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Nduka Obaigbena’s London BasedArise TV Stops Broadcasting Over Multiple Debts

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The media group Arise has ceased broadcasting on Thursday, according to media sources reporting on the issue.

Arise is carried on Sky channel 519 and operates out of a studio in London. The company also has offices in New York, Lagos, and Johannesburg. The media group’s owner, Nduka Obaigbena, is currently mired in the Dasukigate scandal in Nigeria.

Mr. Obaigbena, who also is the publisher of the newspaper Thisday, publicly admitted to accepting N500 million from former National Security Adviser (NSA) Colonel Sambo Dasuki in return for favorable coverage of former President Goodluck Jonathan’s campaign in the 2015 Presidential elections.

The media mogul allegedly owes people, at least, £3 million, £1 million of which is owed to workers for back-pay. Mr. Obaigbena is also in debt to the news services Reuters and Associated Press for photos provided by the two organizations.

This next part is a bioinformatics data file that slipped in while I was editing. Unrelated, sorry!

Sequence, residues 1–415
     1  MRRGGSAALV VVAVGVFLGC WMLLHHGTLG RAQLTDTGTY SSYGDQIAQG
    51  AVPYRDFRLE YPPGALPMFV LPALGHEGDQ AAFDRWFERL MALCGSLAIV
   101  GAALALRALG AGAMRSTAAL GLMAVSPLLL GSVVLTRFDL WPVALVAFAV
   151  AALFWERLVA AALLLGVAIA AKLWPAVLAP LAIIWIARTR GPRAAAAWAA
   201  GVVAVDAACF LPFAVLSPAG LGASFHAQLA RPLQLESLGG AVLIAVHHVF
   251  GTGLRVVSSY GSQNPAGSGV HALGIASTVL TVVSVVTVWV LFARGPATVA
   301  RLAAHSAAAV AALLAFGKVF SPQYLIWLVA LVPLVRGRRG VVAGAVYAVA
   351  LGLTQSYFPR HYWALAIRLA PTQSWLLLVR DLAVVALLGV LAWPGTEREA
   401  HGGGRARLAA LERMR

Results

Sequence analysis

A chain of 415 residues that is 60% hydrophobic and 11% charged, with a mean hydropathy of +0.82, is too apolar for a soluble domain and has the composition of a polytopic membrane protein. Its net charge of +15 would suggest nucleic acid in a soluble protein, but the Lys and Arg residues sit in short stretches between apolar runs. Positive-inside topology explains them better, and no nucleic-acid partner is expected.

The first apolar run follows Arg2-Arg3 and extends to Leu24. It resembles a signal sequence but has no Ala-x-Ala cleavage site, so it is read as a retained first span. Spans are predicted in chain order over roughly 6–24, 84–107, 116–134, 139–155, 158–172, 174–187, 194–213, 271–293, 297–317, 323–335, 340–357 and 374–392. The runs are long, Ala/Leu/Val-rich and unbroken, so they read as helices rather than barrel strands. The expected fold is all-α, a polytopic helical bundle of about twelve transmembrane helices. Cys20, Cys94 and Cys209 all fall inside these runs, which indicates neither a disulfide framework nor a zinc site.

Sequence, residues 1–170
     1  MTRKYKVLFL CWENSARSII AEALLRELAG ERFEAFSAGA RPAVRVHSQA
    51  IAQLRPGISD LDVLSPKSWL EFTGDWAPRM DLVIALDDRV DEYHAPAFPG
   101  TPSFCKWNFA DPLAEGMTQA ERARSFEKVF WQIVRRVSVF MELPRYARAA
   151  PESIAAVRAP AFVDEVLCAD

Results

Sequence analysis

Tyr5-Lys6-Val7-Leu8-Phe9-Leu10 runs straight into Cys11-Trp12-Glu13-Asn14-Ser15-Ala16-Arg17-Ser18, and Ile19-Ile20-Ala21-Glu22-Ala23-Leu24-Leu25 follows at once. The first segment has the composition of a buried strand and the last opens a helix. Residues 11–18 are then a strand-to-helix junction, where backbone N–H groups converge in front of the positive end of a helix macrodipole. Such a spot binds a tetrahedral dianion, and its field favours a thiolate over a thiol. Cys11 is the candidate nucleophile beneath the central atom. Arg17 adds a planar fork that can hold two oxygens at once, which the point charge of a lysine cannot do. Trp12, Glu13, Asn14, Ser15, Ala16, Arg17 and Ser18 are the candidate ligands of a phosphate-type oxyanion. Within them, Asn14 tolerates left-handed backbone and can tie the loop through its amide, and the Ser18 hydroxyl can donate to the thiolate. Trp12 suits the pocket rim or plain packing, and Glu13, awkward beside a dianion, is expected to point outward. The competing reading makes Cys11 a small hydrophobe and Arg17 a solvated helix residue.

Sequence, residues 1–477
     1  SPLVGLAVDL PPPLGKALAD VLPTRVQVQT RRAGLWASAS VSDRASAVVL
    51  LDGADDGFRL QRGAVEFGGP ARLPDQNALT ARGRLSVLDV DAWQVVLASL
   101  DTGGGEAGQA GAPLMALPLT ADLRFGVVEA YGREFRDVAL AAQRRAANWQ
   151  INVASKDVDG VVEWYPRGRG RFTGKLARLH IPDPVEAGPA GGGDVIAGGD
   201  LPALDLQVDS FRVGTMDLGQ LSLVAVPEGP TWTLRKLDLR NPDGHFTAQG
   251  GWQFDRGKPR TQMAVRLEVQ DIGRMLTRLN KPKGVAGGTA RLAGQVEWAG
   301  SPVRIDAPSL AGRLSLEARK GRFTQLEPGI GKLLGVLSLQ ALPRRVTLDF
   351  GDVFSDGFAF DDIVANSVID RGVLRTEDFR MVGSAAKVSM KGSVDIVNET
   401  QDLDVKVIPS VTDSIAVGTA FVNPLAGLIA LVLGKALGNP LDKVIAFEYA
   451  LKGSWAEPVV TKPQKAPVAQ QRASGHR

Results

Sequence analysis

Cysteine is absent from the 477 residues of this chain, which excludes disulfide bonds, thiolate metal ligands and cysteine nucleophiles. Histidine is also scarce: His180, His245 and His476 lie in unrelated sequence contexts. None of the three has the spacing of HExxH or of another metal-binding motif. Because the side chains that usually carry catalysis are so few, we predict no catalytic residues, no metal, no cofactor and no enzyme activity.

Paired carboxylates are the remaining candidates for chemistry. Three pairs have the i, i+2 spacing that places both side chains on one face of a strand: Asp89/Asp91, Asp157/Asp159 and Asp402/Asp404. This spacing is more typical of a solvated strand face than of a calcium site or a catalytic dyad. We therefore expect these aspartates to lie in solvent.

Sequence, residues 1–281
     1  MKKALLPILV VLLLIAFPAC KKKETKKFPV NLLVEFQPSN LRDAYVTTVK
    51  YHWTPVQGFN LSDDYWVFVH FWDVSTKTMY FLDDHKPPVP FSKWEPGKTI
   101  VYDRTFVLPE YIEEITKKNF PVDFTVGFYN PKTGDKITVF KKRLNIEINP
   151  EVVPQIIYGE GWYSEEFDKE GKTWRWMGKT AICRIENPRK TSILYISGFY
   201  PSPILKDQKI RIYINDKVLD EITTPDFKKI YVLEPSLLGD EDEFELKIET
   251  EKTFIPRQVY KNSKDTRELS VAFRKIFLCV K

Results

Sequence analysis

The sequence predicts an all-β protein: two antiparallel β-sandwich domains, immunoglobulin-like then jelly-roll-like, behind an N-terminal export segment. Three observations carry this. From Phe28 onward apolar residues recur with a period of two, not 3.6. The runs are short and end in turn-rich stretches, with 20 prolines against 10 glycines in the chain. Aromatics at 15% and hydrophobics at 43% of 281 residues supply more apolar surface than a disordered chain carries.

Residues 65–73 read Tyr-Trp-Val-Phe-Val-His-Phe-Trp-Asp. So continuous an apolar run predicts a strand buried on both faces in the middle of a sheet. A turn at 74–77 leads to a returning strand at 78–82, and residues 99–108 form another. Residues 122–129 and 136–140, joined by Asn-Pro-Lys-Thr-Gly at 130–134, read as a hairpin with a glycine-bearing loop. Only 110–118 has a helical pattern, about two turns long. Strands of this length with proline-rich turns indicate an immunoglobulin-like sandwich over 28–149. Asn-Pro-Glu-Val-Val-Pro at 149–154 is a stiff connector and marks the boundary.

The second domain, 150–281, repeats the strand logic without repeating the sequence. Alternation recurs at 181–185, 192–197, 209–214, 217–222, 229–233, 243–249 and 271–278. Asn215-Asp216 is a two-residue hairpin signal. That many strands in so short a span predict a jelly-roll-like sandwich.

Arise was shut down last year after 62 workers began legal action for non-payment of wages.

Speaking to The Independent, Production Editor David Lee, who claims he is owed £20,000 in wages, expressed frustration with the current situation.

“It’s disgusting, now I’m faced with a tax bill that I can’t pay. Two staff in the New York office have lost their houses because they were unable to make their monthly mortgage repayments,” Mr. Lee stated.

Yet, Mr. Obaigbena has disputed some of the wage claims.

“We are in dispute…with some who made invalid claims which we discovered during a routine audit.

“The courts may have to determine this. Some saw Arise as a gravy train to take advantage of. They are wrong,” he told The Independent.

The media mogul has also expressed confidence that his company will ride out the recent financial troubles. In his conversation with The Independent he expressed a belief that Arise would be able to complete its “five-year launch plan”.

“As a new business still in investment stage the revenue generation stage takes time and stability.”

“We are in a marathon and not a sprint,” he argued

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